Boston Mayor Marty Walsh is imposing new restrictions on the liberty of individuals and businesses in an effort to slow the spread of Covid-19, but not everyone is unquestioningly accepting these authoritarian policies.
According to Boston.com, the gym chain Planet Fitness is fighting back against the restrictions. “In March, we understood the shutdown,” said Stan DeMartinis, who runs two Planet Fitness gyms in Boston and several more in the surrounding area. “But the fact is that we’re one of the only industries out there that can contact trace our members, because they check in all of the time. Our position is going to remain very firm: Fitness is essential, it’s safe, and we should be able to remain open in our communities because of the benefits we give to the consumer… I run two gyms in that city, and they’ve never contacted me once this whole time. They just want to shut me down. That’s where the frustration comes in… Where we are in the country today, not to get into politics, but half the people want to work out and half don’t. Our members that come in right now are members who have made their assessment of risk. They feel safe in their environment to work out. They feel they have a constitutional right to do that. And that is being taken away from them.”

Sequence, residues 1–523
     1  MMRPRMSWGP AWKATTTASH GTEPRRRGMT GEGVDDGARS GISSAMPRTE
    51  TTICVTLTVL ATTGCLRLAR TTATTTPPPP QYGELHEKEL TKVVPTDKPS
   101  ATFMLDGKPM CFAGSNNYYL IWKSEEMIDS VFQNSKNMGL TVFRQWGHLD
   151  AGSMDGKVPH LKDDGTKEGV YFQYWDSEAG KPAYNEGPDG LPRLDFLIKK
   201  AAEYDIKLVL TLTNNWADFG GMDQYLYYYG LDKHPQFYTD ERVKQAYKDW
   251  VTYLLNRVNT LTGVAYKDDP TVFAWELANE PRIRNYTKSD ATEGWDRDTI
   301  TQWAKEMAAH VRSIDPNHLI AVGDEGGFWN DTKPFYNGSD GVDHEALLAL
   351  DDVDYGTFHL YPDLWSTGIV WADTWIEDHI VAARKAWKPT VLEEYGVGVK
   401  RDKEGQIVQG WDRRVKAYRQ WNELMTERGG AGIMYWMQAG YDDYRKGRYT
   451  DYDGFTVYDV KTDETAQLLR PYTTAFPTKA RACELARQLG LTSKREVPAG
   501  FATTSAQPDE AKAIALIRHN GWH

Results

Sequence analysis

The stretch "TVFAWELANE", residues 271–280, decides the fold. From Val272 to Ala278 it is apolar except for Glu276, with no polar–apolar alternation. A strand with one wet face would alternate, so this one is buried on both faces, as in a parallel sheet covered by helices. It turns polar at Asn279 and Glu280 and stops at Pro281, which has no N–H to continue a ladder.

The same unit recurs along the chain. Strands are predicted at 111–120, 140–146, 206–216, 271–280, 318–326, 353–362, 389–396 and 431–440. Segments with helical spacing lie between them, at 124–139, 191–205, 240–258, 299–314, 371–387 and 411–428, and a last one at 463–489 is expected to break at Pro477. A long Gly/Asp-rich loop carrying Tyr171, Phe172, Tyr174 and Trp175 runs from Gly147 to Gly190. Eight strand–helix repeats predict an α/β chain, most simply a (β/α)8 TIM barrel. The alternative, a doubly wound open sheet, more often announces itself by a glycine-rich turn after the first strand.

Exactly. People have a fundamental right to make their own decisions about which activities they are willing to do and how much risk they are willing to incur. Some people do not wish to work out, because they do not think it is worth the risk of catching the coronavirus. That is fine. Others do wish to work out, because they think it is worth the risk of catching the coronavirus. That is also fine. It is unacceptable for the government to take that decision away from people and force everyone to live according to the preferences of the most risk-averse people. And although hitting the gym is not mentioned in the constitution, it is indeed a constitutional right. The Ninth and Tenth Amendments specify that people are allowed to do any activity that the Constitution does not specifically prohibit.
Planet Fitness also has a good argument that the fitness industry is being treated unfairly compared to other industries. Walsh’s restrictions order the shutdown of gyms, museums, historical sites, aquariums, and movie theaters, while sparing restaurants and stores. When Walsh introduced the restrictions, he said: “This is not about targeting specific sectors that cause the virus. This is an effort to reduce overall activity outside the home.” This is a confusing statement, because the restrictions clearly do target specific industries by including them in the list of businesses required to close. But what Walsh seems to be saying is that inclusion in the list was not determined by how risky a particular type of business is. Instead, Walsh is just trying to decrease the total amount of businesses open so that people will have fewer options for activities to do outside their homes. This raises the question: how did Walsh decide which businesses would be forced to close and which would be allowed to remain open? What criteria did he use, if not the level of risk? Given the potentially disastrous economic impact of inclusion on the list, Walsh owes these unlucky business owners an explanation.